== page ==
By Graeme Wood. Published in The American Scholar, Mar. 4, 2015.
Two Dutch Visionaries
How the optical revolution revealed worlds large and small
On September 17, 1683, the Dutch biologist Antoni van Leeuwenhoek wrote one of the most scientifically important, and completely revolting, letters that London’s Royal Society ever received. He informed his colleagues that he had scraped from between his teeth “a little white matter, which is as thick as if ’twere batter,” and had observed it with a microscope. “In the said matter there were many very little living animalcules, very prettily a-moving.” These tiny creatures were the first observed bacteria, and their discovery revealed a world-within-a-world every bit as marvelous as revelations about the heavens.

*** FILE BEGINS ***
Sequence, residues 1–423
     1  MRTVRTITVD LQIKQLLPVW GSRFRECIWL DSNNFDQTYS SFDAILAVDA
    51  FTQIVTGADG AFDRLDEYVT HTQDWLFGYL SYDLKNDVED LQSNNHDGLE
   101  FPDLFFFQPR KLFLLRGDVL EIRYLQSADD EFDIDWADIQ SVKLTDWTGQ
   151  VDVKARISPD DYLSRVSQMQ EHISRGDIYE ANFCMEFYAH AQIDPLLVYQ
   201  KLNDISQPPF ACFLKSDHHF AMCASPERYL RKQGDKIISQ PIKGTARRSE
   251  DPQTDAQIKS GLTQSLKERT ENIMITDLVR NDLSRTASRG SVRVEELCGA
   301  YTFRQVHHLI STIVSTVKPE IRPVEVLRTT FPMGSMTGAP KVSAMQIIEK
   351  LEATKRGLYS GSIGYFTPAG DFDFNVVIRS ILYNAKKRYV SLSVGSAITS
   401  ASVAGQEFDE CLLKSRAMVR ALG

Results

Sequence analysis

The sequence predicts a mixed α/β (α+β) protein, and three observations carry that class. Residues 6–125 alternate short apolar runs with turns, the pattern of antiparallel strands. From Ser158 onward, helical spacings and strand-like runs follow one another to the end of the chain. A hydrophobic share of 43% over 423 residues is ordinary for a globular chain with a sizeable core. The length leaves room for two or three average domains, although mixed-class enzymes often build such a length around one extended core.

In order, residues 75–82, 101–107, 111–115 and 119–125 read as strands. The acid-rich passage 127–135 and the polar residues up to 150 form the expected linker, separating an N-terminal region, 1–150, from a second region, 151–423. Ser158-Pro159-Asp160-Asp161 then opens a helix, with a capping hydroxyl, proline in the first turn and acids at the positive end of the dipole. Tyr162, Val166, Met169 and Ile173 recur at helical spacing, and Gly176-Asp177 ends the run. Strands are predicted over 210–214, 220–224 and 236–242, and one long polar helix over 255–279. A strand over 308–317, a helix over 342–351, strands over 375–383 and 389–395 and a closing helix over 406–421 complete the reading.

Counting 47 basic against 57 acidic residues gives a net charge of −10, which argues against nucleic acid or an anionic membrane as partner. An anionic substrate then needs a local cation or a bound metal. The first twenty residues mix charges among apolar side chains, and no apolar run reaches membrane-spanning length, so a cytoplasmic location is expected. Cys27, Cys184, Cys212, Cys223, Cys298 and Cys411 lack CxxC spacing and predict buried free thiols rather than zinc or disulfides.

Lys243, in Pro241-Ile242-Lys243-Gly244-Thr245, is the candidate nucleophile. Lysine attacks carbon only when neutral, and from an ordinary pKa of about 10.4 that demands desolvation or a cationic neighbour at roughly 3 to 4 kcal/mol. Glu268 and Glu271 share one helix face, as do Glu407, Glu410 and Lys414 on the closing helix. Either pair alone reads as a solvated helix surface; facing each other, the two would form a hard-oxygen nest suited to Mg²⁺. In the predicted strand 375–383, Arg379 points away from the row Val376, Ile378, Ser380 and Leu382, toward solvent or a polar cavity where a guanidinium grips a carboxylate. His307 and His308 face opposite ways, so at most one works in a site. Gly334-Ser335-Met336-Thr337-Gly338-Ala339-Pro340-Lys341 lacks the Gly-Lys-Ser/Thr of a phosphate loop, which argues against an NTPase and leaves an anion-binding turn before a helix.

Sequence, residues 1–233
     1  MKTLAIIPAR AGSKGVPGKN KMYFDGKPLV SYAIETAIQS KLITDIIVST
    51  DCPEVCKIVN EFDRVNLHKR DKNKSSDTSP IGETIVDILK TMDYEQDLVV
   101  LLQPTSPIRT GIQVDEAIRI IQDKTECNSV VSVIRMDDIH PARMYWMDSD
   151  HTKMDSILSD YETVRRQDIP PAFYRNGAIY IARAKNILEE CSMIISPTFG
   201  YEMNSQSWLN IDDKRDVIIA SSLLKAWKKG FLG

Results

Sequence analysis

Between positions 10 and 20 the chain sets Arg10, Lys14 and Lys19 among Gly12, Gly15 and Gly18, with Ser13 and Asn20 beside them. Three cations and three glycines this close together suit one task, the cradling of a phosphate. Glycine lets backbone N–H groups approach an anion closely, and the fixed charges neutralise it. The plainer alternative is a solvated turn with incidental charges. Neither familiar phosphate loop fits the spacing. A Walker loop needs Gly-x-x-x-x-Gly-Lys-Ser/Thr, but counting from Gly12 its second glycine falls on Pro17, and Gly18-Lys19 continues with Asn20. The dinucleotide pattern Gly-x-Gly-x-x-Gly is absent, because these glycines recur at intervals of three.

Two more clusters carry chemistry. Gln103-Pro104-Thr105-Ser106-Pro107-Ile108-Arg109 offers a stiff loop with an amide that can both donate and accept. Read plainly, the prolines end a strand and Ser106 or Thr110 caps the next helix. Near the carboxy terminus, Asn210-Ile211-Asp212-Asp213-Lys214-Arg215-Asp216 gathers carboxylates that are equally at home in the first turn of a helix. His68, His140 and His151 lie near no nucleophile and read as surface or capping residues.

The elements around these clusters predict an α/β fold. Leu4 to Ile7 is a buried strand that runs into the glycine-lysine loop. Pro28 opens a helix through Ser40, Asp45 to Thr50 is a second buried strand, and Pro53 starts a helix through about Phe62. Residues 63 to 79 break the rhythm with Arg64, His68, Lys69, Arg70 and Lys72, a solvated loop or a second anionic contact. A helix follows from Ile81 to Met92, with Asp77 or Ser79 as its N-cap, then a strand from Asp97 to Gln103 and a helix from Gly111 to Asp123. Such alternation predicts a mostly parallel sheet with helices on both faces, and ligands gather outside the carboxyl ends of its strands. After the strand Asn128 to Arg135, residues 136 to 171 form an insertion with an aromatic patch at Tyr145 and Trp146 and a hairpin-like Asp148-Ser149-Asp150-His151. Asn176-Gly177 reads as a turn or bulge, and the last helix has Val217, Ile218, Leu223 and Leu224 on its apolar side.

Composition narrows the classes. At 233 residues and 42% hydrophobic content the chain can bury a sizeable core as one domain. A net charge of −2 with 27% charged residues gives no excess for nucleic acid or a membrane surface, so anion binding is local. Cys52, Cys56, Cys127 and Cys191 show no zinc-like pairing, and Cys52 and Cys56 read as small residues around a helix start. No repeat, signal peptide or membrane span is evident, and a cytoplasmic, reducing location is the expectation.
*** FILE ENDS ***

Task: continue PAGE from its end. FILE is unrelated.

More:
The twin subjects of Laura J. Snyder’s new book are Leeuwenhoek and his equally astonishing contemporary, the painter Johannes Vermeer. Born on almost the same day in 1632, they worked most of their lives on the same acre of Delft, then a prosperous city at the height of the Dutch Golden Age. Leeuwenhoek even became the executor of Vermeer’s estate soon after the artist’s death in 1675. The two men’s proximity has long tantalized historians of art and science who have sought to link them as friends, collaborators, and co-conspirators. Snyder, too, suggests a connection, but in the end, the evidence linking them is circumstantial, and as she admits, the theory of their acquaintance ultimately speculative.Read more